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Laughs and Nightmares in Oilfield Translation


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Versão em português


How to avoid landing in the “doghouse” when dealing with oil and gas terminology

Marcia Buckley The entries in this article were taken from my own dictionary released in 2001. The publication was carefully compiled over nearly 20 years of work in the translation business. Although the dictionary contains a good number of terms, it does not constitute a complete list of words and unique expressions that an observer is likely to hear during a visit to an oilfield. Rather, it is intended to serve as a basic reference for understanding the most common terms and is designed merely to assist those who are not familiar with the terminology used in the area of oil and gas.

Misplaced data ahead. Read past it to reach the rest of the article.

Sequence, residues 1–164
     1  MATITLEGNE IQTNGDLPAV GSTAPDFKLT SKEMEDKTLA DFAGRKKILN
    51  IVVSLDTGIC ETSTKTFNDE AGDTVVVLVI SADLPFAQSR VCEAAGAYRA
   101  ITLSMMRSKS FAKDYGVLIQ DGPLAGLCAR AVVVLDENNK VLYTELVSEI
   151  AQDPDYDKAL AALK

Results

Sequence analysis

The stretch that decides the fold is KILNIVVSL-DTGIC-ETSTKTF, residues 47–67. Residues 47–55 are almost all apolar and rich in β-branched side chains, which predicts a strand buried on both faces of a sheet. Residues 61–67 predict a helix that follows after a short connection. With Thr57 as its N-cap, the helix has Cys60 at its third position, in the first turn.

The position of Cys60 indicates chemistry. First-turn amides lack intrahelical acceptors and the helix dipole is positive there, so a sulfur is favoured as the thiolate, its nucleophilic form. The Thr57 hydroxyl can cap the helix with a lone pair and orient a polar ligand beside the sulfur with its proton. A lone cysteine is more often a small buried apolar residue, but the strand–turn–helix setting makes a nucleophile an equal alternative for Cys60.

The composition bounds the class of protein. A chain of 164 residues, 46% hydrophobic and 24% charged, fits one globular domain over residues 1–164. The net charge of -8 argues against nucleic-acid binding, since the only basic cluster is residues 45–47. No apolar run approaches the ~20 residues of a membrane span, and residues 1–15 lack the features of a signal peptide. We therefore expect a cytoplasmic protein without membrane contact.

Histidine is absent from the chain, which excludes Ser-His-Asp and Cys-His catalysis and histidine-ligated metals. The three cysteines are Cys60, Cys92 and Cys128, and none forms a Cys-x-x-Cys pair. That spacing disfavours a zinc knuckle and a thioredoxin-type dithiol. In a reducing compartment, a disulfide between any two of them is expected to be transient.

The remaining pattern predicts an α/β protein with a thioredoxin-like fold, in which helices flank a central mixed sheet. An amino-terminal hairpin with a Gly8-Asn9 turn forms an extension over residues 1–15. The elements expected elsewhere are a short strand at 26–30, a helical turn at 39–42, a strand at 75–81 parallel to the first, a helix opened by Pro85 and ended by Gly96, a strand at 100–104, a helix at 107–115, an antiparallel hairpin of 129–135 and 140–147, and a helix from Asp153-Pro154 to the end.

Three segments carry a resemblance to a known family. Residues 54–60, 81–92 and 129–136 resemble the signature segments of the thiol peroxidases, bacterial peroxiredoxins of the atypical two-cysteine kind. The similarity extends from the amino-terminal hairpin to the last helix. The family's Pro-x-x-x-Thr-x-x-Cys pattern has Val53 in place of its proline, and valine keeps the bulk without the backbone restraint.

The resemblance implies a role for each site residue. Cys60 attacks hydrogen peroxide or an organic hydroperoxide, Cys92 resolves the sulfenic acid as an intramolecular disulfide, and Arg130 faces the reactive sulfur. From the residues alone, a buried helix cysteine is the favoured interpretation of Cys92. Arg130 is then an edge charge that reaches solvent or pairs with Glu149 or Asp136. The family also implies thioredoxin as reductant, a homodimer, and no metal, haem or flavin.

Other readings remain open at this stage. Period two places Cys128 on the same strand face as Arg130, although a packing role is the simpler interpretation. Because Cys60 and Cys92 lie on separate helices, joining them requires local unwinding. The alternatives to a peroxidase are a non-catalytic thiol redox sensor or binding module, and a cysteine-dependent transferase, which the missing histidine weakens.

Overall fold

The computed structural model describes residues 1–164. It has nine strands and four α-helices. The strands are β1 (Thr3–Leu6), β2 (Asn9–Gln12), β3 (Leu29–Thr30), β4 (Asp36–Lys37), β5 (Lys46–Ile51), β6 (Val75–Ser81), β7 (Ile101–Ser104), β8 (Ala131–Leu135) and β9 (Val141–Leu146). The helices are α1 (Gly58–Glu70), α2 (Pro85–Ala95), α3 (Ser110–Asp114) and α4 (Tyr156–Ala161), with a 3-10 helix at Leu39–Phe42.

Every language is dynamic and susceptible to transformations. The 1998 edition of the Vocabulário Ortográfico da Língua Portuguesa (Orthographic Vocabulary of the Portuguese Language) published by the Brazilian Academy of Letters (ABL), has no less than five thousand neologisms. Borrowed terms such as the IT jargons “deletar,” “printar” and “escanear” have been included. The English language is no different. Americans are especially known for possessing an incredibly fertile imagination when it comes to creating anachronisms and neologisms.